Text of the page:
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(11/27/09) -

Canadians Have Low Expectations on Copenhagen

(Angus Reid Global Monitor) – Few Canadians believe that the upcoming Climate Change Summit in Denmark will lead to a comprehensive global accord, according to a poll by Angus Reid Public Opinion. While 58 per cent of respondents would like to see a legally binding agreement that sets specific targets for all signatories, only five per cent believe this will actually happen.

(Angus Reid Global Monitor) – Few Canadians believe that the upcoming Climate Change Summit in Denmark will lead to a comprehensive global accord, according to a poll by Angus Reid Public Opinion. While 58 per cent of respondents would like to see a legally binding agreement that sets specific targets for all signatories, only five per cent believe this will actually happen.

In addition, 43 per cent of respondents expect no agreement to come out of Copenhagen, and 38 per cent foresee a political compromise to meet certain milestones on a voluntary basis.

The term global warming refers to an increase of the Earth’s average temperature. Some theories say that climate change might be the result of human-generated carbon dioxide and other greenhouse gases. In 2007, the United Nations Intergovernmental Panel on Climate Change (IPCC) released a report which states that global warming has been "very likely"—or 90 per cent certain—caused by humans burning fossil fuels.

In 1998, several countries agreed to the Kyoto Protocol, a proposed amendment to the United Nations Framework Convention on Climate Change (UNFCCC). The agreement commits nations to reduce their emissions of carbon dioxide and other greenhouse gases.

The Copenhagen Climate Change Summit is scheduled to take place from Dec. 7 to Dec. 18. Countries attending the summit are supposed to draft a new agreement to replace the Kyoto Protocol, which is due to expire in 2012.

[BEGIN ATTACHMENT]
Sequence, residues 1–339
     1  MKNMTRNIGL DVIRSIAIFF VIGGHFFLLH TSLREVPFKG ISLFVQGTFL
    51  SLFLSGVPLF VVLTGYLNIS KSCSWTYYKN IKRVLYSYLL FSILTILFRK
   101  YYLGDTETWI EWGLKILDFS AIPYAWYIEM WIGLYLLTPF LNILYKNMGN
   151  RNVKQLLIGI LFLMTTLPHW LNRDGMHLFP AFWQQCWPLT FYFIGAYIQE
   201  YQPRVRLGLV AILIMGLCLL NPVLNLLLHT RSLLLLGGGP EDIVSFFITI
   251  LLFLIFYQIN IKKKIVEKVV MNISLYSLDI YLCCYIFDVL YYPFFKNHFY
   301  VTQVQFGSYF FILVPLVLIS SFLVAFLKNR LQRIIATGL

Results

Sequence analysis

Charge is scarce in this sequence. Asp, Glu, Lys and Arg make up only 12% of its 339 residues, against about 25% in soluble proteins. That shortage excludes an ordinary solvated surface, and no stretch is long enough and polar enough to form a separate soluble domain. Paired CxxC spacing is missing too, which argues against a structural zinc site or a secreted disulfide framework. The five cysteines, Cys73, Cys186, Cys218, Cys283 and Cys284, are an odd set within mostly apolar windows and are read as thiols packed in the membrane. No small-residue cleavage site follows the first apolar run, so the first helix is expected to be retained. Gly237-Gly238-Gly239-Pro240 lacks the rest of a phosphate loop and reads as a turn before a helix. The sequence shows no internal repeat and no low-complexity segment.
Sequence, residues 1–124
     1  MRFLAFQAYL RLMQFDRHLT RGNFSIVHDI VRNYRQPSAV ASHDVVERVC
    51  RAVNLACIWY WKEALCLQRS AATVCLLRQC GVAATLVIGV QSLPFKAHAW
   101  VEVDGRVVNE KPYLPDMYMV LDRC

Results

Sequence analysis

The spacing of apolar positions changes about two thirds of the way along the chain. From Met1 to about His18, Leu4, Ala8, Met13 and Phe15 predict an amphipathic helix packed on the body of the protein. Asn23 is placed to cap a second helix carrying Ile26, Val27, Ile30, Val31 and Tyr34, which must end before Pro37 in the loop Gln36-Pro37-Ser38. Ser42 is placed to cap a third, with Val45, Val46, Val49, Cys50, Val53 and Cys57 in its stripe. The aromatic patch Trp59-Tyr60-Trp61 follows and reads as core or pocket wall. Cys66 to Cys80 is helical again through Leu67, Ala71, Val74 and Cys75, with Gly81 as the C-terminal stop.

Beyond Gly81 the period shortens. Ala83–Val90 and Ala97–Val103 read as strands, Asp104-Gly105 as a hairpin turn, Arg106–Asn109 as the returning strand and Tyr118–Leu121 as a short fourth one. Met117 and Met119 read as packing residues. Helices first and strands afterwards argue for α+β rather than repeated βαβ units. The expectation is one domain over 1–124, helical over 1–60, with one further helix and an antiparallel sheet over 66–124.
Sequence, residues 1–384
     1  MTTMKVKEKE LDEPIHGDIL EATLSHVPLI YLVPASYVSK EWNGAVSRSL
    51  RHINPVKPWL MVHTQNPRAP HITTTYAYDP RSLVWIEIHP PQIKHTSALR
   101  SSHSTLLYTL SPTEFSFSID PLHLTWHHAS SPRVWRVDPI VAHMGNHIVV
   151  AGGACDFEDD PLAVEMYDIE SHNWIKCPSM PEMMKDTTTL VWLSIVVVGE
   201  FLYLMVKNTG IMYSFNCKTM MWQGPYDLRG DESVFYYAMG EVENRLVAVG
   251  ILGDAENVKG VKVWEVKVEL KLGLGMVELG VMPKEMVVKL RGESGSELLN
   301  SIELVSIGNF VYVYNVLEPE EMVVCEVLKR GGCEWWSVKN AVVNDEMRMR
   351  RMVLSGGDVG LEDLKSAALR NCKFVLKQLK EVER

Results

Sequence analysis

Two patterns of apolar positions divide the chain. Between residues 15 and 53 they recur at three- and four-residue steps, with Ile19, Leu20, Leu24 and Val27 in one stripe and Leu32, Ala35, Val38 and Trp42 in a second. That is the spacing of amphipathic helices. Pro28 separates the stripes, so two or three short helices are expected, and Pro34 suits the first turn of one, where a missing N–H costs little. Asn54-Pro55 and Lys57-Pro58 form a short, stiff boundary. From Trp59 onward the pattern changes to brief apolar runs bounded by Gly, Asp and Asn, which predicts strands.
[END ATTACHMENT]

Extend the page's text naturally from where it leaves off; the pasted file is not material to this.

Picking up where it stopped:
Yesterday, Canadian environment minister Jim Prentice discussed his views on the summit, "If the U.S. does not make a substantial effort going forward, there is nothing Canada can do and our own mitigation efforts will be futile. If we do more than the U.S., we will suffer economic pain for no real environmental gain—pain that, especially during challenging economic times, could impede our ability to invest in new clean technologies. But if we do less, we will risk facing new border barriers into the American market."

Polling Data

As you may know, representatives from 170 countries will meet in Copenhagen, Denmark, next month to participate in a Climate Summit organized by the United Nations. Which of these scenarios would you prefer to see when the Climate Summit is over?

A legally binding agreement that sets specific targets for all signatories

58%

A political compromise to meet certain milestones on a voluntary basis

20%

No agreement—countries dealing with climate change independently of each other

12%

Not sure

11%

And which of these scenarios do you expect will actually happen when the Climate Summit is over?

A legally binding agreement that sets specific targets for all signatories

5%

A political compromise to meet certain milestones on a voluntary basis

38%

No agreement—countries dealing with climate change independently of each other

43%

Not sure

14%

Source: Angus Reid Public Opinion
Methodology: Online interviews with 1,010 Canadian adults, conducted on Nov. 24 and Nov. 25, 2009. Margin of error is 3.1 per cent.

Complete Poll (PDF)